“If you want a credible interlocutor for the North Korean government, it should be a member of the Kim family,” said Christopher Green, senior adviser for the Korean Peninsula at the International Crisis Group. “But seeing her at Pyongyang station waving everyone off was a reminder that she’s in the propaganda business.”
Indeed, if North Korea’s goal was to drive a wedge between South Korea and its U.S. ally, it made sense to send such a senior official “with a nice letter from Kim Jong Un” to ask Seoul to cancel the joint military exercises that have been delayed until after the Games, Green said.
North Korean authorities had already said that they would send Kim Yong Nam, who is technically North Korea’s head of state, as part of a 22-member high-level delegation that will attend the Opening Ceremonies.
Also on the delegation list sent to the South on Wednesday were Choe Hwi, chairman of the National Sports Guidance Committee, and Ri Son Kwon, head of the agency in charge of inter-Korean affairs.
Both Kim Yo Jong and Choe have been directly sanctioned by the U.S. government, accused of human rights violations because they are involved in censorship activities. Choe has also been sanctioned by the United Nations.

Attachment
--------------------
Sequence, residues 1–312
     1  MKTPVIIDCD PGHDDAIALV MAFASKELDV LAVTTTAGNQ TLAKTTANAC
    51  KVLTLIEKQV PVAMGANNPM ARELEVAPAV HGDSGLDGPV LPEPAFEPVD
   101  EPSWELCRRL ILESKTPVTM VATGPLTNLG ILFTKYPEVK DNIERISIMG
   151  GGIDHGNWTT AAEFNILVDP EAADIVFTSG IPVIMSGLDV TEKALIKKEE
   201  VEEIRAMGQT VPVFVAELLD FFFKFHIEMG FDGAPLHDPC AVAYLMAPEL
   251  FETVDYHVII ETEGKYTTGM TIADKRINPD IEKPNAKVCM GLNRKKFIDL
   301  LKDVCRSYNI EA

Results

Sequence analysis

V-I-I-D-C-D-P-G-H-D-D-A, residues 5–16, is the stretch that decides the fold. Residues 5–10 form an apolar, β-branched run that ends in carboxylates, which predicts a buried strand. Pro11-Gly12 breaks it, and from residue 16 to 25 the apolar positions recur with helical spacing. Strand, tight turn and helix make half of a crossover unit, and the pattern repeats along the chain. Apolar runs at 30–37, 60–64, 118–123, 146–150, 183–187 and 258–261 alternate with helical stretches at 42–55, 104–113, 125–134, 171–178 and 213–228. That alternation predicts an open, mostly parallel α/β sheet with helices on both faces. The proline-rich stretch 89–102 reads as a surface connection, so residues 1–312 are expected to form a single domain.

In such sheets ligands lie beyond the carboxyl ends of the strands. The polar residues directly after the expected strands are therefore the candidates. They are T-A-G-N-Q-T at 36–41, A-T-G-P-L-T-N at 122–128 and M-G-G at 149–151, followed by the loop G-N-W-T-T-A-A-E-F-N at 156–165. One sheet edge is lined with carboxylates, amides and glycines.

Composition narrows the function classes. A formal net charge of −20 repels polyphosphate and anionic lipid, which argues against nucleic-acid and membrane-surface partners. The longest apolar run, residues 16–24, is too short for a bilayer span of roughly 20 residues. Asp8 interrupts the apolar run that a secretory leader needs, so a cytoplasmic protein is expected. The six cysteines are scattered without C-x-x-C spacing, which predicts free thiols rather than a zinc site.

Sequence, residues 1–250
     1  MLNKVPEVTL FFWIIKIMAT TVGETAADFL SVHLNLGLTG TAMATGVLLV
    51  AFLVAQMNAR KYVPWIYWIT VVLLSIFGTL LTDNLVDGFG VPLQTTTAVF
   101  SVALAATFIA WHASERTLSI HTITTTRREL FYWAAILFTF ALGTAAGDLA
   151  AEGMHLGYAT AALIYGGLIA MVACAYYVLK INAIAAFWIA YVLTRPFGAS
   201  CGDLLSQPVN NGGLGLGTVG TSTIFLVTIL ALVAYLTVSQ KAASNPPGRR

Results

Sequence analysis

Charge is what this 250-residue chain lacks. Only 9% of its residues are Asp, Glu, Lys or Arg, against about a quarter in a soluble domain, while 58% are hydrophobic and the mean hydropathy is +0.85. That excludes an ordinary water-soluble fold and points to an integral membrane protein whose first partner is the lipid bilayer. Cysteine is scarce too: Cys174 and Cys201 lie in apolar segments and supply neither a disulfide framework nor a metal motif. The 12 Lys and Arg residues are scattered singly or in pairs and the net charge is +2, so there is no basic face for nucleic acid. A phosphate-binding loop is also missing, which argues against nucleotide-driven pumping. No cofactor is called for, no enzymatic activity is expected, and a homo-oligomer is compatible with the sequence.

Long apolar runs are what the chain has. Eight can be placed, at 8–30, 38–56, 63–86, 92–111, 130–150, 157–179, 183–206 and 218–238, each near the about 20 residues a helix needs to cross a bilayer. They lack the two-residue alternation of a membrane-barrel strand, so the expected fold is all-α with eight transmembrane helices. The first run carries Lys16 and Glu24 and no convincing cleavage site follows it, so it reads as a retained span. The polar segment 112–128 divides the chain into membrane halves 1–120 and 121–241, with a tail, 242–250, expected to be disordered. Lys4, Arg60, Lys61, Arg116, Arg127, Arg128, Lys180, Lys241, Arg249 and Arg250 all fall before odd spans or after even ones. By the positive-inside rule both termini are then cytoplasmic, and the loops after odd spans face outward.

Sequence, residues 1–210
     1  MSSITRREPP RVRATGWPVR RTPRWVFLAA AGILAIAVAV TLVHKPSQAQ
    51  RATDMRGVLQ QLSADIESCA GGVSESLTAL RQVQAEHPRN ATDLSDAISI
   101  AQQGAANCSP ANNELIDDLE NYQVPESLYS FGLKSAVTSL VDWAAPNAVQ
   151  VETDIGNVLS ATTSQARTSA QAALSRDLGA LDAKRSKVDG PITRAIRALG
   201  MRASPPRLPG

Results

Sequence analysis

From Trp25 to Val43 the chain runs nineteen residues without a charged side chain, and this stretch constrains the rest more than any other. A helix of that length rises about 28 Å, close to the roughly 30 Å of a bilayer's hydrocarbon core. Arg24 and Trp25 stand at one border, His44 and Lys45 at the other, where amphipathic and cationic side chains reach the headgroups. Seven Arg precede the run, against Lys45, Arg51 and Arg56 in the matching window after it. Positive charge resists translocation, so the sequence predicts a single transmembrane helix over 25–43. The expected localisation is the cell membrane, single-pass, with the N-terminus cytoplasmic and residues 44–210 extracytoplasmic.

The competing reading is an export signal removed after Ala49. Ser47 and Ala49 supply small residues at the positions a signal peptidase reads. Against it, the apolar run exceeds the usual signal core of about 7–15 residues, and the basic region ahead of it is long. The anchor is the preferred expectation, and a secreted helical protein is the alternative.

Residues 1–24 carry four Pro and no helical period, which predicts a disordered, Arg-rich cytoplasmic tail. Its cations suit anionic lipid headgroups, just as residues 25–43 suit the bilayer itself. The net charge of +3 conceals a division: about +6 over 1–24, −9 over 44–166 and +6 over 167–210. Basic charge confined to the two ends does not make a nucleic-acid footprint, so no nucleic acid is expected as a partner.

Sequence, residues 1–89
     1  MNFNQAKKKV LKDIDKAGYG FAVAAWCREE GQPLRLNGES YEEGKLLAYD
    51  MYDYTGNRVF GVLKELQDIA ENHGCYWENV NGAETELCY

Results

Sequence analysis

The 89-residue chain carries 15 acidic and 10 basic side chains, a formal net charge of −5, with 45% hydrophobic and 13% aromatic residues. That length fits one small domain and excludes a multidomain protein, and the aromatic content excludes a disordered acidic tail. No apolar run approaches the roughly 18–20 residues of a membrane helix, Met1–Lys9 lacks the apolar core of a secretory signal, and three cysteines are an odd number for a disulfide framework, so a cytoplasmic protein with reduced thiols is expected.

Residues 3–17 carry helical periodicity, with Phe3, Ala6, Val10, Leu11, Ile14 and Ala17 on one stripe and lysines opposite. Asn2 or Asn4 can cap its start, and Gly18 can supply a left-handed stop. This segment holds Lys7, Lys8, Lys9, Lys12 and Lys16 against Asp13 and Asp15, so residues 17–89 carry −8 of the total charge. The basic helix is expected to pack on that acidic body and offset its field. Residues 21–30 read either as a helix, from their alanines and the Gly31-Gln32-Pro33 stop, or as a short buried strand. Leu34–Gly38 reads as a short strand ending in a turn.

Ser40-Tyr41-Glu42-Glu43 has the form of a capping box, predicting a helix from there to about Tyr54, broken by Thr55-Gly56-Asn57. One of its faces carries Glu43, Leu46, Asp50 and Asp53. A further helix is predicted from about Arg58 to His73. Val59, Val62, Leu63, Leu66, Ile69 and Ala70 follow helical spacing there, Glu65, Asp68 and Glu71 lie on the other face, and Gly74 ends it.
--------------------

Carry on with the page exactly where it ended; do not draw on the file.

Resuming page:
Already, South Korea has contravened its own sanctions by allowing the prohibited ferry carrying the orchestra members to dock.
Kim Yo Jong, who is 28, according to the Treasury Department, is one of the North Korean leader’s closest aides and is often seen at her brother’s side.
They have an older brother, Kim Jong Chul, who is not thought to play a significant role in the regime but is sometimes spotted at Eric Clapton concerts abroad.
The three were born to North Korea’s second leader, Kim Jong Il, and his third wife, Ko Yong Hui, an ethnic Korean dancer who was born in Japan. All three spent several years attending schools in Bern, Switzerland.
The Kim family asserts its legitimacy to lead North Korea through a kind of divine right purportedly bestowed from Mount Paektu, a volcano on the border with China that has mythical status in Korean culture.
Kim Jong Un, who is 34, has played up this “Paektu bloodline” as he has sought to cement his claim to be his father’s rightful successor.
His older half brother, Kim Jong Nam, also shared this bloodline, and that was probably why he was killed last year: to take out a potential rival for the leadership. Kim Jong Nam died within half an hour of being smeared with VX, a chemical weapon, at a Kuala Lumpur, Malaysia, airport in an attack blamed on the North Korean leader.
Kim Yo Jong shares this same blood, but, as a woman, she could never be leader of this strict Confucian society. She has, however, been elevated through the regime to play an important role supporting her brother.
She was promoted to deputy director of the Workers’ Party Propaganda and Agitation Department in 2014, which prompted the Treasury Department to sanction her by name in January last year for her role in censoring information in North Korea.
Then, in October, Kim promoted her to the powerful political bureau of the ruling Workers’ Party, making her the only woman there.
Anne Gearan in Washington contributed to this report.